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This hipster economics professor turned rebel Greek finance minister says corporations are experiencing ‘lavish socialism’ while workers face ‘harsh austerity.’ Inflation is just the latest twist in the saga

August 2, 2022, 5:08 PM UTC
Yanis Varoufakis
Yanis Varoufakis, when he was Greece’s finance minister, wearing his trademark leather jacket.
Getty Images

Known for sporting a leather jacket in meetings with foreign dignitaries during his brief stint as Greece’s finance minister in 2015, Yanis Varoufakis has become a bit of a rebel in economic circles.

A member of Greece’s Hellenic Parliament and founder of the left-wing European Realistic Disobedience Front, or MeRA25 party, Varoufakis hasn’t historically pulled any punches when it comes to his scathing criticism of fellow economists and politicians, and his most recent article is no exception.

The author of Adults in the Room: My Battle With the European and American Deep Establishment and currently an economics professor at the University of Athens, Varoufakis continued his long-running critique of austerity in a Project Syndicate op-ed published over the weekend, and added a new argument about the inflation that has shocked the world in 2022.

Central banks have given corporations a type of “lavish socialism” since the 2008 financial crisis, Varoufakis wrote, while workers have been stuck with “harsh austerity,” and the highest inflation in 40 years is just the latest twist.

A half-century–long power play

The economist’s argument is based on the idea that corporations have led a “half-century–long power play” to boost their stock prices, creating unsustainable business models and fragile global supply chains along the way. But it’s all gone wrong in recent years, and workers have been left to clean up the mess.

Before the great crisis of 2008, he said, U.S. corporations used “pyramids of private money” from cheap and plentiful imports and consistent foreign investment to create a “labyrinth” of global just-in-time supply chains instead of focusing on increasing productivity.

Then, when the 2008 financial crisis hit, the pyramid collapsed and central banks were forced to step in and save the day. Interest rates were slashed to near-zero and many central banks began a somewhat controversial policy known as quantitative easing—which involves central banks buying government bonds and mortgage-backed securities in hopes of increasing the money supply and spurring lending and investment.

But while corporations were being saved by central bank policies and federal government bailouts, workers were left to fend for themselves.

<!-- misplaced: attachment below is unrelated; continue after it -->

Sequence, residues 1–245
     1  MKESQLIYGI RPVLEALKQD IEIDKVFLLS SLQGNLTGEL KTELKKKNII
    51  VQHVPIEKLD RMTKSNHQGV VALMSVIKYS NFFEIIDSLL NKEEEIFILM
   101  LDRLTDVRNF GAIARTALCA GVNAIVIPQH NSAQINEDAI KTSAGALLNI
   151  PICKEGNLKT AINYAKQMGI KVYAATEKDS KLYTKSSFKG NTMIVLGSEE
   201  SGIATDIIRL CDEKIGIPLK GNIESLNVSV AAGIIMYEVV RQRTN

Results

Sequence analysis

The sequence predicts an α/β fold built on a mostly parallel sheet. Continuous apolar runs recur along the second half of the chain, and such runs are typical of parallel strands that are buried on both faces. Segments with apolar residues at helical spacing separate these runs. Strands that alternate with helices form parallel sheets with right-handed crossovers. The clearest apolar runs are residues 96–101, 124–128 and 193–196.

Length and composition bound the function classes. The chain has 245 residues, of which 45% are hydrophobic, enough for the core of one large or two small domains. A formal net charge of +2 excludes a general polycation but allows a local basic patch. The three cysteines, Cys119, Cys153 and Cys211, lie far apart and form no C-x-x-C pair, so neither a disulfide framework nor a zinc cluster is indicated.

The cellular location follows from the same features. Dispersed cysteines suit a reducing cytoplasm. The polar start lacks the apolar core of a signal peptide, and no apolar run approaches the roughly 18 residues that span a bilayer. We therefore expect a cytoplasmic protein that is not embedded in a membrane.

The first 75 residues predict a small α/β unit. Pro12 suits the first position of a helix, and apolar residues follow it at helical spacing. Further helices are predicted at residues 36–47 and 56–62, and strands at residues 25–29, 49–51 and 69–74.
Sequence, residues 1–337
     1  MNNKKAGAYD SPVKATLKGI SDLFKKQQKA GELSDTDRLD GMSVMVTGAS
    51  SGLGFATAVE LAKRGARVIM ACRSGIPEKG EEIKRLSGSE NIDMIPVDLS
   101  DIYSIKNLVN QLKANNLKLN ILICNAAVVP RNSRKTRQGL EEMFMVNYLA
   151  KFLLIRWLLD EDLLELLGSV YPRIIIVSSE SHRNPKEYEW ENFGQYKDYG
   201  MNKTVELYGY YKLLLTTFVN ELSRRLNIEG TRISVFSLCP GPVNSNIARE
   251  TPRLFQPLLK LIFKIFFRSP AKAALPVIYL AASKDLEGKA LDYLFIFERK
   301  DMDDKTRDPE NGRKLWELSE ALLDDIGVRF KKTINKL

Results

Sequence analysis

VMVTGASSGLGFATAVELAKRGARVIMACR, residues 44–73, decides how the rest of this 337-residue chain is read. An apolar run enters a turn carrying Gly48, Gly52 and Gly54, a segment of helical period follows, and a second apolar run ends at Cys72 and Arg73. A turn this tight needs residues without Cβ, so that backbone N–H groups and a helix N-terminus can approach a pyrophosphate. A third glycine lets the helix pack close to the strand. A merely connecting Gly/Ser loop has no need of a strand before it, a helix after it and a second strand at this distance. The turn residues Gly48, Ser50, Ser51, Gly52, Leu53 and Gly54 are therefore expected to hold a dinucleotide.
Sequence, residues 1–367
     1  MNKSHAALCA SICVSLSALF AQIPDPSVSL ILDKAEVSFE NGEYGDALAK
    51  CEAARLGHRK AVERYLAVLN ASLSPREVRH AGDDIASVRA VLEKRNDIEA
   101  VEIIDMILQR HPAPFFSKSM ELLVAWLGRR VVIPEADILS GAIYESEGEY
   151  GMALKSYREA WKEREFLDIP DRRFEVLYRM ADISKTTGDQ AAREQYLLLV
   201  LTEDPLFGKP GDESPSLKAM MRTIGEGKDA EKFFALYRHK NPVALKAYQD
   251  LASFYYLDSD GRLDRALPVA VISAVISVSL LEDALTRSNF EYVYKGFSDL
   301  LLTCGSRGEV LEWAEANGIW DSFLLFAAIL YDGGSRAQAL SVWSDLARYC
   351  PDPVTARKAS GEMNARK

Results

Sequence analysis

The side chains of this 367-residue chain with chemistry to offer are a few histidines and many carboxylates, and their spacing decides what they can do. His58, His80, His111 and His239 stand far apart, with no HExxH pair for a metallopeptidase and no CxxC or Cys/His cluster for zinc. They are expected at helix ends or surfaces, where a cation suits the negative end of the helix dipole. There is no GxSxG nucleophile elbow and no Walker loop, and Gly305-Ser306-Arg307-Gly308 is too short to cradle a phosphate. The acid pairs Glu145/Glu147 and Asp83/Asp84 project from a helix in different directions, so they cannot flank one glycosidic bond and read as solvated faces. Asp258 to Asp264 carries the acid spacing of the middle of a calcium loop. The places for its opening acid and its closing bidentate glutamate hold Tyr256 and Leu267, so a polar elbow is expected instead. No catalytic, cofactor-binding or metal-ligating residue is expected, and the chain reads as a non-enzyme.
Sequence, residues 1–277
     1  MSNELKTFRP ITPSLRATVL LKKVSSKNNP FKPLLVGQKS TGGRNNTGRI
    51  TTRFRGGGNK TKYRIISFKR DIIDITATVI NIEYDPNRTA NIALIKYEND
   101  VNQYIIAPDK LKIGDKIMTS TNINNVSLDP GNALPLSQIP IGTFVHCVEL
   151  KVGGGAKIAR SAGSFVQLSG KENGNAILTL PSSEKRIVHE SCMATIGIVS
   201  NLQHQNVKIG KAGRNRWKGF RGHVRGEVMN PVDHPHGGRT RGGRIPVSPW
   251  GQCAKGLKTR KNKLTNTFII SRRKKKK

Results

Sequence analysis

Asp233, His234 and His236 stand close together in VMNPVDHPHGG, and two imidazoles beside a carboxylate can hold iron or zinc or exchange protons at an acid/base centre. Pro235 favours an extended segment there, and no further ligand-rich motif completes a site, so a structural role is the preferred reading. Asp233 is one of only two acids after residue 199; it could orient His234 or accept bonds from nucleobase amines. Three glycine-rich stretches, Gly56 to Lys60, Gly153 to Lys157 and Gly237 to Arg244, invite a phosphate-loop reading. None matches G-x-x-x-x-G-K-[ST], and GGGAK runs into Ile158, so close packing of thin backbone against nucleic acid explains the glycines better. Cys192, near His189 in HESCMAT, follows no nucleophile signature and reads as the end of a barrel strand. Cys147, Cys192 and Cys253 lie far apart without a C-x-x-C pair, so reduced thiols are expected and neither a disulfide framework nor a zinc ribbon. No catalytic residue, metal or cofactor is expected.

“Governments were cutting public expenditure, jobs, and services. It was nothing short of lavish socialism for capital and harsh austerity for labor,” Varoufakis says. “Wages shrunk, and prices and profits were stagnant, but the price of assets purchased by the rich (and thus their wealth) skyrocketed. Thus…capitalists became both richer and more reliant on central-bank money than ever.”

Wealth “triumphed” in real estate and equity markets in this era of government and central bank support, but Varoufakis says asset prices quickly became divorced from the real economy. Then the pandemic hit, and the flows of cash that had allowed corporations to flourish over the past decade were suddenly redirected to consumers. 

“Western governments were forced to channel some of the new rivers of central-bank money to the locked-down masses within economies that, over the decades, had depleted their capacity to produce stuff and were now facing busted supply chains to boot,” he said.

When consumers spent some of the money they were given by the federal government via stimulus checks, suppliers couldn’t keep pace with the new demand, leading inflation to rise—and corporations, the war in Ukraine, and COVID-19 lockdowns only added to the problem.

“Corporations with great paper wealth responded by exploiting their immense market power (yielded by their shrunken productive capacity) to push prices through the roof,” he said.

Still, Varoufakis argued that we aren’t seeing a wage-price spiral in the U.S., where workers asking for pay increases to preserve their income amid inflation end up increasing costs for companies, which in turn increase their prices to compensate. The lack of a wage-price spiral means central banks shouldn’t be asking workers to “take one for the team” and go without wage increases.

“Today, demanding that workers forgo wage gains is absurd. All the evidence suggests that, unlike in the 1970s, wages are rising much more slowly than prices, and yet the increase in prices is not just continuing but accelerating,” Varoufakis said.

Still, the inflation problem means Western governments and central banks are faced with a tough decision, Varoufakis argues: “Push conglomerates and even states into cascading bankruptcies, or allow inflation to go unchecked.”

The economist didn’t describe what he believes central bank officials will choose, but he argued the end results are unlikely to be appealing to the masses.

“So, what happens now? Probably nothing good,” he said. “To stabilize the economy, the authorities first need to end the exorbitant power bestowed upon the very few by a political process of paper wealth and cheap debt creation. But the few will not surrender power without a struggle, even if it means going down in flames with society in tow.”

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